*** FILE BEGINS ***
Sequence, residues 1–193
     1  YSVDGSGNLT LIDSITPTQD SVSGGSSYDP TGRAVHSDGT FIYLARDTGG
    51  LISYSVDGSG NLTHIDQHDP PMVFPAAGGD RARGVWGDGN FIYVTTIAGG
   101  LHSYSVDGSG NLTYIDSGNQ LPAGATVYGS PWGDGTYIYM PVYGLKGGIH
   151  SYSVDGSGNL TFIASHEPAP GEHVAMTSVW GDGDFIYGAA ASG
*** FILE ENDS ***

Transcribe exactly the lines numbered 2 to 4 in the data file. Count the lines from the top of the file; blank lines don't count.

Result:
     1  YSVDGSGNLT LIDSITPTQD SVSGGSSYDP TGRAVHSDGT FIYLARDTGG
    51  LISYSVDGSG NLTHIDQHDP PMVFPAAGGD RARGVWGDGN FIYVTTIAGG
   101  LHSYSVDGSG NLTYIDSGNQ LPAGATVYGS PWGDGTYIYM PVYGLKGGIH